This blog is a combination of information compiled as an element of a seminar course revolving around Virginia Woolf.

Monday, November 15, 2010

Critical Article #7- Three Guineas

In her critical essay, Memory, Photography, and Modernism: The “Dead Bodies and Ruined Homes” of Virginia Woolf’s Three Guineas, Maggie Humm describes photographic testimony as a source of political elaboration used by Woolf to attack fascism and patriarchy. Humm begins her argument by describing two different types of photos incorporated in Three Guineas. She states that there are five published newspaper photos from the masculine patriarchal world, but there are also absent photos produced by the narrator’s visual memories and only addressed in the text through writing. The photos juxtapose one another to create a tension between the masculine and feminine and thus the public and the private.

Humm specifically addresses nine references to ‘dead bodies and ruined houses’, which are referred to as the absent photos. The constant repetition of this image helps the reader relate to the narrator and connects one’s private history to a public event. In the conclusion of the essay Humm states, “Woolf’s contiguous relation to the absent photographs and her bodily distance from the public photographs construct the main theme of Three Guineas: Woolf’s attack on the symbolic blindness of patriarchal traditions”(Humm 660). This statement seems to be the main point of the entre article. By laying out the two types of photos and discussing narrative distance and the lingering of memory, Humm is effectively able to find a meaning for the repeated line ‘dead bodies and ruined houses.’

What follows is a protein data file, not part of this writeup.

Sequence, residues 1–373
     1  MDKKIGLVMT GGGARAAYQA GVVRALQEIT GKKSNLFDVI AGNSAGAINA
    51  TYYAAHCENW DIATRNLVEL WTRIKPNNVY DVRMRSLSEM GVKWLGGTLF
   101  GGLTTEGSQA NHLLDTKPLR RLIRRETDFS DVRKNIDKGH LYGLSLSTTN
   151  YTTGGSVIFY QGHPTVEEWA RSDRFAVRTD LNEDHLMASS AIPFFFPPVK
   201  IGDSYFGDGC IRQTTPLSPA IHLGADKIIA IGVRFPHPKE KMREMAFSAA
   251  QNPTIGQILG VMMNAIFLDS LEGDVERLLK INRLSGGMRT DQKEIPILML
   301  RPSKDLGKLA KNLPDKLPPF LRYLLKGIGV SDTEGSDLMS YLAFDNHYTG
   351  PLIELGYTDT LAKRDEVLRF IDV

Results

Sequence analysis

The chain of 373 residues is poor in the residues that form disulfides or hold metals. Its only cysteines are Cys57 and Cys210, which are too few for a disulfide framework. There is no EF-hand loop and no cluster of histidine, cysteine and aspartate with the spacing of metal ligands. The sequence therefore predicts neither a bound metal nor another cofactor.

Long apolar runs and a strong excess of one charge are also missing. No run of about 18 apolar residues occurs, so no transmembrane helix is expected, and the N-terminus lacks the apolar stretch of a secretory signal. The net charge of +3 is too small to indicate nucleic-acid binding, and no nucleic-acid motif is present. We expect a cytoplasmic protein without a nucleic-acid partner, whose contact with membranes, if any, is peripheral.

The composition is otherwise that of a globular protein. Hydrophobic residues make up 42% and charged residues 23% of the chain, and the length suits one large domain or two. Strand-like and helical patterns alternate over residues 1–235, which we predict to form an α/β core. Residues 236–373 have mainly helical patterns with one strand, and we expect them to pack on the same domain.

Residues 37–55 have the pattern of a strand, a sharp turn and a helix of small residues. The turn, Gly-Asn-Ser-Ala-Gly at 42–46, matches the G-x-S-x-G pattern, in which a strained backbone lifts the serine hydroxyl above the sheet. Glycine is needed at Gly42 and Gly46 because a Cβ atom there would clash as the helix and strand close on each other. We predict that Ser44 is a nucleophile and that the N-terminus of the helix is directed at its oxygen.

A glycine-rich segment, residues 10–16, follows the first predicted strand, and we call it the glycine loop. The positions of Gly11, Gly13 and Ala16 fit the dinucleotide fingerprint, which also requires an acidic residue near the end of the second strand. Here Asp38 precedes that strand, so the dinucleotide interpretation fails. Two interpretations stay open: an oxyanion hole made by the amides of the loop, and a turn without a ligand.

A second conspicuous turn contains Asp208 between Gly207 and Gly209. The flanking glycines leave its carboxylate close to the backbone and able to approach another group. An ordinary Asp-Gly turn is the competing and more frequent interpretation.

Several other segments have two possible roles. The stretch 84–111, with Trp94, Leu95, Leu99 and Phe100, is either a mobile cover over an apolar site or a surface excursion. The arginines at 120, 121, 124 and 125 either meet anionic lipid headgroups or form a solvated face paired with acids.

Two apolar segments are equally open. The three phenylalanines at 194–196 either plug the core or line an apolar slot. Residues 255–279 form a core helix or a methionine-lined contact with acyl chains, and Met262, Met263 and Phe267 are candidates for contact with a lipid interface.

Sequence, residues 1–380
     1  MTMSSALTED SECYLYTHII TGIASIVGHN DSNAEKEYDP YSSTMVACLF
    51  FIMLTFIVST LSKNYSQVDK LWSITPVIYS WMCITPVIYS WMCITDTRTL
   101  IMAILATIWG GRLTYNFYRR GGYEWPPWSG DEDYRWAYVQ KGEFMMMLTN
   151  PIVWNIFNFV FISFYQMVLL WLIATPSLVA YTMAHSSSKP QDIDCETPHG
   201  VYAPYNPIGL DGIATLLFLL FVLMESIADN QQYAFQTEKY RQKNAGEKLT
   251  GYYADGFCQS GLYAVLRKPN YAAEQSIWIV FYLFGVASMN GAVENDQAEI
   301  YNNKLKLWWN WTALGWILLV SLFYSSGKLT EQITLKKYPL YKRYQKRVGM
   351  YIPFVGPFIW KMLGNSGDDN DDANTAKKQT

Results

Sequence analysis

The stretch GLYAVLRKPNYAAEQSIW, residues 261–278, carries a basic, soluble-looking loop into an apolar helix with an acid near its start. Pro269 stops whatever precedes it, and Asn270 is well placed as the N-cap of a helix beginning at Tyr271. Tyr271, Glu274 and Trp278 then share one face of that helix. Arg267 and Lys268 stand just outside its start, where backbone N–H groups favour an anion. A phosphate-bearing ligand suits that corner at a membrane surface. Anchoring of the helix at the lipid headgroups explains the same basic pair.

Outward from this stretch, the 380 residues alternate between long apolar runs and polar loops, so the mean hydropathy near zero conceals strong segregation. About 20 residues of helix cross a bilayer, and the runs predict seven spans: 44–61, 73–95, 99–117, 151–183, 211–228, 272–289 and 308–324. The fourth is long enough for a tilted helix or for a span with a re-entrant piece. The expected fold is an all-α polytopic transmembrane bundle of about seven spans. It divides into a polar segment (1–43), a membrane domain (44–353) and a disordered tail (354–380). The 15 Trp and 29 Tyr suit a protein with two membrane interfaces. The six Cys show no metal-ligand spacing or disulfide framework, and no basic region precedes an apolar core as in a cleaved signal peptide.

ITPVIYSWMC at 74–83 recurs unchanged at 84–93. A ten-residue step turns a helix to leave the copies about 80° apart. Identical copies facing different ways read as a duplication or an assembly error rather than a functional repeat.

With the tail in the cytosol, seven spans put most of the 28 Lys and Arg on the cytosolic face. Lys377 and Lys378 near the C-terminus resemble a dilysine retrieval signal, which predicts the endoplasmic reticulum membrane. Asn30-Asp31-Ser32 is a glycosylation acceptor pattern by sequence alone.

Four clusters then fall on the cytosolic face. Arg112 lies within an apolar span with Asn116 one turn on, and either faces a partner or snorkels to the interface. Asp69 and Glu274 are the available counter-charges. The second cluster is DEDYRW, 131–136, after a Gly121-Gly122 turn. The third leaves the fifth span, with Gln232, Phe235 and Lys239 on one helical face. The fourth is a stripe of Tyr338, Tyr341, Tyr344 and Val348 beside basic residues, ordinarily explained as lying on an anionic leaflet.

Humm’s article also gives the reader a chance to examine Woolf’s literary genius. By including subtle references to the woman’s economic invisibility, Woolf is able to condemn the patriarchy in a successful and admirable way. Rather than seeming like a political rant concerning women’s rights, the reader can see Three Guineas as Woolf voicing her opinions in a controlled and academic way. It with the assistance of articles like Humm’s that the reader truly discovers the passion behind Woolf’s condemnation of the patriarchy.

Humm, Maggie. “Memory, Photography, and Modernism: The “Dead Bodies and Ruined Houses” of Virginia Woolf’s Three Guineas.” The University of Chicago Press 28.2 (2003): 645-663

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